Writ­ten by J. Lawrie Bloom


We  open our next Civ­i­tas con­cert with the won­der­ful Op. 11 Trio, referred to as the “Gassen­hauer”, of Lud­wig van Beethoven.  Haydn had estab­lished the string quar­tet, and the piano trio as accept­ed ensem­ble instru­men­ta­tions.  The idea of using a sin­gle wind with strings was not uncom­mon par­tic­u­lar­ly in the Mannheim com­posers.  Mozart pushed the trio idea with his land­mark “Kegel­statt” Trio for the more dis­parate instru­men­ta­tion of clar­inet, vio­la and piano.  Now Beethoven takes it a step fur­ther, pair­ing the clar­inet with the much low­er pitched cel­lo, and piano.  His pub­lish­ers made him pub­lish with a ver­sion for vio­lin, cel­lo and piano, to increase sales.

 

Beethoven wrote for winds quite ear­ly in his career, includ­ing the trio, the quin­tet for piano and winds Op. 16, and the great Septet, Op. 20 com­plet­ed when he was 30.  He may have writ­ten this trio for the clar­inetist Joseph Beer, though there is no doc­u­men­ta­tion that he ever played it, hav­ing com­plained that it was not vir­tu­osic enough for his prodi­gious tal­ents.

In cer­tain ways it is one of Beethoven’s most “con­ven­tion­al” pieces, though of course he sur­pris­es us nonethe­less.  In the first move­ment the three instru­ments start the first theme in octaves in Bb major, but the sec­ond theme comes in in D major, not what might be expect­ed in clas­sic sonata form.  And the devel­op­ment uti­lizes this 2nd theme, not the first, also a delight­ful sur­prise.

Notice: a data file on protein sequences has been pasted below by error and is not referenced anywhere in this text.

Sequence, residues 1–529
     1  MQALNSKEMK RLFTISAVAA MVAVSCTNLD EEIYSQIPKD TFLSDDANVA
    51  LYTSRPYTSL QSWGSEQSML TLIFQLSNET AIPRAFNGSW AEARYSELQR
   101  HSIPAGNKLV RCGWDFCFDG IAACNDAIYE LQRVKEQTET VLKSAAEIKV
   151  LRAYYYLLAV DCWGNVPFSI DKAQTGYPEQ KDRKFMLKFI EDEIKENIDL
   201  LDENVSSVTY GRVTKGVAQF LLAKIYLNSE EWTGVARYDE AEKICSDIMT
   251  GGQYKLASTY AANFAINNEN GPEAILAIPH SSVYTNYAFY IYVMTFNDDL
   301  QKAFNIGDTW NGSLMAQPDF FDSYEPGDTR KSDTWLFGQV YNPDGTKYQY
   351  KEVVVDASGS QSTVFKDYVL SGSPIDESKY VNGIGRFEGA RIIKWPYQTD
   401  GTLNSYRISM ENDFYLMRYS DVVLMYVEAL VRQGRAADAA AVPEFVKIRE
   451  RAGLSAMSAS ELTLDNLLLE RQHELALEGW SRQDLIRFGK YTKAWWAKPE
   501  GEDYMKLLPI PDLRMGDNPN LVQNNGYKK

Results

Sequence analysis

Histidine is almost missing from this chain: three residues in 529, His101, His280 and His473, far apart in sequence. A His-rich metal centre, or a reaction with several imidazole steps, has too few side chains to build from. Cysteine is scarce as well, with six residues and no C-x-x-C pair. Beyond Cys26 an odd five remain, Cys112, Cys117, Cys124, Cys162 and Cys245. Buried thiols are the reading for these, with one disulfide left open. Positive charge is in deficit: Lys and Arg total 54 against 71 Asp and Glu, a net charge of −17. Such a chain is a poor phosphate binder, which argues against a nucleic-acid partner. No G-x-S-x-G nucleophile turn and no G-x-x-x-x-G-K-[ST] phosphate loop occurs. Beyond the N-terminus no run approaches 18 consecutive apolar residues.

The sec­ond move­ment opens with a gor­geous cel­lo solo, some say one of the most beau­ti­ful he ever wrote.  Repeat­ed by the clar­inet, the instru­ments then engage in a musi­cal con­ver­sa­tion of great sim­plic­i­ty and beau­ty.

It is the third move­ment from which the piece gained it’s sub­ti­tle, the “Gassen­hauer”.  The play 33 Vari­a­tions focus­es on the Dia­bel­li Vari­a­tions that Beethoven wrote in response to a request from Dia­bel­li, who sent to many well known com­posers a theme of his writ­ing, ask­ing each to write one vari­a­tion, to be pub­lished in one vol­ume.  When Beethoven keeps putting Dia­bel­li off, and final­ly offers a set of 33 vari­a­tions, the mod­ern day musi­col­o­gist won­ders was Beethoven mak­ing fun of Dia­bel­li, writ­ing so much on what is a some­what sil­ly theme?  Ulti­mate­ly she con­cludes that Beethoven just saw more in the theme than any­one else had seen.

Like­wise in the Op. 11 trio Beethoven takes as his theme a “gessen­hauer”, street song, tak­en from Josef Weigl’s opera The Cor­sair, very pop­u­lar in Vien­na at the time.  From this sim­ple, almost sil­ly theme, the words of which begin “before I work, I must have some­thing to eat”, Beethoven weaves a won­der­ful set of vari­a­tions of great charm and delight.

 

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